How Boris Johnson can go back to the future to make levelling up work: Ryan Shorthouse

THE Government is desperate to get past the pandemic and focus on ‘levelling up’ – a convoluted term for improving life for more deprived people and areas in the UK. Boris Johnson has been advised by those close to him to stop using it. But, whatever it is called, he obviously

THE Government is desperate to get past the pandemic and focus on ‘levelling up’ – a convoluted term for improving life for more deprived people and areas in the UK. Boris Johnson has been advised by those close to him to stop using it. But, whatever it is called, he obviously

should not abandon the mission.

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In truth, though, this is not a new agenda. David Cameron talked about improving life chances. Theresa May wanted to tackle burning injustices.

What does Boris Johnson mean by 'levelling up'?

Meanwhile Boris Johnson is simply rebadging the social reform agenda One Nation Conservatives have urged to be central to policy since Margaret Thatcher’s era to convince voters they are more than just a party of economic prudence, but of really caring about and helping those just about managing, or even not at all.

The vagueness of these slogans allows all sorts of people to stick their hobby horses to them. So it is

with levelling up. The list of what it means is long: improving transport connectivity between different regions, rebuilding social capital in so-called left-behind towns, encouraging investment and economic activity in old industrial and coastal communities, as well as boosting the incomes of the poorest.

All laudable aims. In essence, what governments of all stripes should be doing. There is a bit of a twist on the theme though. This Conservative government want to particularly thank and transform the lives of those Brexit-voting folk in so-called ‘red wall’ seats in the North and Wales who gave them a stonking majority just over a year ago.

Boris Johnson and Rishi Sunak during last week's Budget.

We were told by Theresa Ma that these people voted to leave the EU in 2016 because of something broader: “A sense – deep, profound and let’s face it often justified – that many people have today that the world works well for a privileged few, but not for them.”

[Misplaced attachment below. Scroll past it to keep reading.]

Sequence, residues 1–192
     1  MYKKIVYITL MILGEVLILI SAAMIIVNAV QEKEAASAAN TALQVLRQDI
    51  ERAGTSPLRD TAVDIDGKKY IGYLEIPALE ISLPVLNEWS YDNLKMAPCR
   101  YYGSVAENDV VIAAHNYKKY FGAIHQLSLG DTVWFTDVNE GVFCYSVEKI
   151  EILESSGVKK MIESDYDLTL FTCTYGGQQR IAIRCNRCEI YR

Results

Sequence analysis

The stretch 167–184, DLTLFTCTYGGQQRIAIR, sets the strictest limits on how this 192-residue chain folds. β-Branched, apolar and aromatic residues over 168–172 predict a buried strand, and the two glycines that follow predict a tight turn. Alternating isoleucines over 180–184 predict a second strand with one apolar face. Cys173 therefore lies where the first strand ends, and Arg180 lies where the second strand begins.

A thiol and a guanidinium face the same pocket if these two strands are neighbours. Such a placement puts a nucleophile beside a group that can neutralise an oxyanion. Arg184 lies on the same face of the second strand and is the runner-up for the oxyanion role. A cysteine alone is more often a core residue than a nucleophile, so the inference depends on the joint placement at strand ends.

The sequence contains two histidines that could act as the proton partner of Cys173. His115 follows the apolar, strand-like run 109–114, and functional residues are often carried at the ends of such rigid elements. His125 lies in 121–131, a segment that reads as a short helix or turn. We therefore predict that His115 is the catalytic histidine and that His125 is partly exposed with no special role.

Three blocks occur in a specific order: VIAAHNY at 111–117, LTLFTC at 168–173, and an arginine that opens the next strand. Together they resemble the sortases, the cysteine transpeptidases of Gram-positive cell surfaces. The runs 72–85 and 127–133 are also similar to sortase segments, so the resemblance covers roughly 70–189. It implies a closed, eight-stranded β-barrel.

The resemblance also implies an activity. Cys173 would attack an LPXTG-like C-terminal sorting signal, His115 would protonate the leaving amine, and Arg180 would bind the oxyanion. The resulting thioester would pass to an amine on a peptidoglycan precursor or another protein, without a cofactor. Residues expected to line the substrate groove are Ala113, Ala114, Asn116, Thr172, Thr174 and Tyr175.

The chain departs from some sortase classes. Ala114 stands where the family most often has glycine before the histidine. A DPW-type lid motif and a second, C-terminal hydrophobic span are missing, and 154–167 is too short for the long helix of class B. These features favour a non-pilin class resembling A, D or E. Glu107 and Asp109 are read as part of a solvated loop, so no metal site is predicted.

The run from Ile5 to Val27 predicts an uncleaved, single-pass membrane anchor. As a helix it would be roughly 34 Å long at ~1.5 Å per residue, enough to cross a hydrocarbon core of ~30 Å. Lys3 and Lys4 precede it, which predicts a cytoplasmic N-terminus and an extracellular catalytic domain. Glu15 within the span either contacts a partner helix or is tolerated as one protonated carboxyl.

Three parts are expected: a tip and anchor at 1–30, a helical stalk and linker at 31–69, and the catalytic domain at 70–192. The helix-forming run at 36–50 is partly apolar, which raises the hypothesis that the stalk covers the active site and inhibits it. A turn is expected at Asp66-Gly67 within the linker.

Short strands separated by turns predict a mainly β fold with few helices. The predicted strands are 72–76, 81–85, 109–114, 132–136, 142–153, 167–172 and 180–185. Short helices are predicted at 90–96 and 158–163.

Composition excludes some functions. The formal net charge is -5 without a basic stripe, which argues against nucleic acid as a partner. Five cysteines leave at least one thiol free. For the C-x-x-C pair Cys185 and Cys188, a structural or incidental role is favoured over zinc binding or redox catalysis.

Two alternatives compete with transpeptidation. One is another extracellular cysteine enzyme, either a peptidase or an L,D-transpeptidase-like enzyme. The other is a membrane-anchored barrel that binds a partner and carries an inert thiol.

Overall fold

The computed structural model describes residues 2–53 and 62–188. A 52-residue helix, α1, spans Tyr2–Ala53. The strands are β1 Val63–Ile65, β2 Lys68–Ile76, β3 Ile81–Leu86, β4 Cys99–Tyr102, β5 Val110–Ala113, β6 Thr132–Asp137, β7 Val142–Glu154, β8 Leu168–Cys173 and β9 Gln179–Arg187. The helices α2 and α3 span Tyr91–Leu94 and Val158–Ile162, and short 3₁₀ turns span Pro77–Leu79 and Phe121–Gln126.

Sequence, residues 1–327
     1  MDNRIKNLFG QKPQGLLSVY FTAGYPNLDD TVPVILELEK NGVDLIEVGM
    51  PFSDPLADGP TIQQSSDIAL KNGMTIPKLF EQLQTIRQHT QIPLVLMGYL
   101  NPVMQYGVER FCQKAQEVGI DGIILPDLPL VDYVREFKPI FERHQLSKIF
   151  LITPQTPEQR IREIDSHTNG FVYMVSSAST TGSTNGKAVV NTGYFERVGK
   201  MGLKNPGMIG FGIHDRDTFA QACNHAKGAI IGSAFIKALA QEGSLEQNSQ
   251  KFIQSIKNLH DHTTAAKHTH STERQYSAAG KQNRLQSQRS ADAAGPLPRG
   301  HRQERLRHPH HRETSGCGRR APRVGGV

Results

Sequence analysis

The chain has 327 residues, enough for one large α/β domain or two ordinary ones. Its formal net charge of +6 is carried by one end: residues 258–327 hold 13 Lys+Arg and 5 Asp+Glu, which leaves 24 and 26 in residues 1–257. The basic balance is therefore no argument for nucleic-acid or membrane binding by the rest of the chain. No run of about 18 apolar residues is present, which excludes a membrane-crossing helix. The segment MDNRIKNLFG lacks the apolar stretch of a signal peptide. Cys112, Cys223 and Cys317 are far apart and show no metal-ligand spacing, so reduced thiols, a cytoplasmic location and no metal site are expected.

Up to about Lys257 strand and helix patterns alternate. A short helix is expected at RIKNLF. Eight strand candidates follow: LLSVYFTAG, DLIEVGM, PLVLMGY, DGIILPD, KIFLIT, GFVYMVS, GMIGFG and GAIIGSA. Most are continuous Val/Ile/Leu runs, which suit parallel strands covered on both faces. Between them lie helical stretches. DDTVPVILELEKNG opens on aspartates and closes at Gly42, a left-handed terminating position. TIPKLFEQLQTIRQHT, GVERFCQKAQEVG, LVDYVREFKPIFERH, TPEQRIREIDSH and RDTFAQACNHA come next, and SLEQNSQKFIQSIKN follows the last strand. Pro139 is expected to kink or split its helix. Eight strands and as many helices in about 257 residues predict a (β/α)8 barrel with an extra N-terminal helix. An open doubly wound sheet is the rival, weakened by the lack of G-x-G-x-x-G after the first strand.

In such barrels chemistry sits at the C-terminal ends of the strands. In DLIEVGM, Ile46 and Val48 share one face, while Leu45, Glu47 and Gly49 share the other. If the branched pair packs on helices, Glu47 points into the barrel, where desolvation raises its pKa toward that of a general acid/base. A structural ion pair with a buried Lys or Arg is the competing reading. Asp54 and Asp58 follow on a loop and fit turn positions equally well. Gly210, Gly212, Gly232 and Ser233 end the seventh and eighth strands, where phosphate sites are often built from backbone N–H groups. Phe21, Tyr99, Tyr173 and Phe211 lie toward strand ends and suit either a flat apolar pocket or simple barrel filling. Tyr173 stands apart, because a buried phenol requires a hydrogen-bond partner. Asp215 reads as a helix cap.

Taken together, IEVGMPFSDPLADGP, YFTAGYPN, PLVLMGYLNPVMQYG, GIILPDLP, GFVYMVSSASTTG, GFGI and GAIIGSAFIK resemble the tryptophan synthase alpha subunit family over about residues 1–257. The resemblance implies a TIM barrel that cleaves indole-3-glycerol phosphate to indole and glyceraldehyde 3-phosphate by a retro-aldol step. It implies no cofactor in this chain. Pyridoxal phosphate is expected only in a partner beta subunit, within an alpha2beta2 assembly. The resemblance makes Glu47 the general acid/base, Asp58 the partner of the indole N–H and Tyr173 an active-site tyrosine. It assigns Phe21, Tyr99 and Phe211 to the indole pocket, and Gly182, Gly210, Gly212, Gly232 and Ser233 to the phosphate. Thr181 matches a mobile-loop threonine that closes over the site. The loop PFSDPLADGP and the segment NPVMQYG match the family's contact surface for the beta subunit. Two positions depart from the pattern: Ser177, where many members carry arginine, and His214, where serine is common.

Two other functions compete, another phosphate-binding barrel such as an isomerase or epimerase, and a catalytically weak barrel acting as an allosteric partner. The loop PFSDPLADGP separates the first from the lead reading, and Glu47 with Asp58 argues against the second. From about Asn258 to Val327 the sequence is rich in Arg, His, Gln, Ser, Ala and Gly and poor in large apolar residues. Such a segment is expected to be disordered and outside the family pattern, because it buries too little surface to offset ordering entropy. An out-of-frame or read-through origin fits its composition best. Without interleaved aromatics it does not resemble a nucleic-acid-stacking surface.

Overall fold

There’s been lots of quite dramatic interpretation of that narrow referendum result – as with the election of President Donald Trump. It represented some populist surge, apparently. Joe Biden’s victory, the archetypal establishment centrist, seems to have given that short shrift.

The securer explanation for Brexit – albeit more boring – is that more people in this country simply thought, on balance, that we were better off out than in the EU, a Euroscepticism that has been simmering for some decades.

Then, fatigue with the Brexit shenanigans led even those scarred from deindustrialisation decades earlier to vote Tory to ‘Get Brexit Done’. It would be stretching it, to say the least, to argue these voters thought Boris Johnson could truly transform their circumstances. But, to keep them on side, he ought to well try.

The Levelling Up Fund, announced at the Spending Review late last year, is a start. But it follows countless initiatives since the 1960s to regenerate deprived areas.

Clearly, insufficient progress is not through want of trying. Now its back to the future: the Single Regeneration Budget, launched by the Conservative Government in the early 1990s, provides the model for the Levelling Up Fund, inviting local organisations to partner up to bid for grants.

The evidence suggests that area-based regeneration initiatives can be effective, but only marginally and if supported over a long timeframe. Really, it’s the level of both public and private sector expenditure that really determine the destiny of these places, especially employment levels. So strong incentives are needed to convince businesses to locate and invest there.

Keeping and attracting motivated people matters, deep down, the most. Often referred to as highly-skilled, their educational credentials are often a product of drive and discipline above anything else. What they do is create, build, lead enterprises, commercial and social, that can make such a difference. Thriving companies attract talented people, but also vice-versa, as economists have found.

Left-behind areas are leaky, with the zestful looking for – often encouraged – to move further afield, understandably. Policymakers ought to think about what can pull them back – the tax advantages, the preferential access to grants and finance, the cultural amenities, the quick connections to big cities, the cheaper property in a world of increased remote working, even the reputational rewards. If this Government wants to level up, it needs the upwardly mobile to turn around.

Ryan Shorthouse is chief executive of Bright Blue, an independent think tank and pressure group for liberal conservatism.

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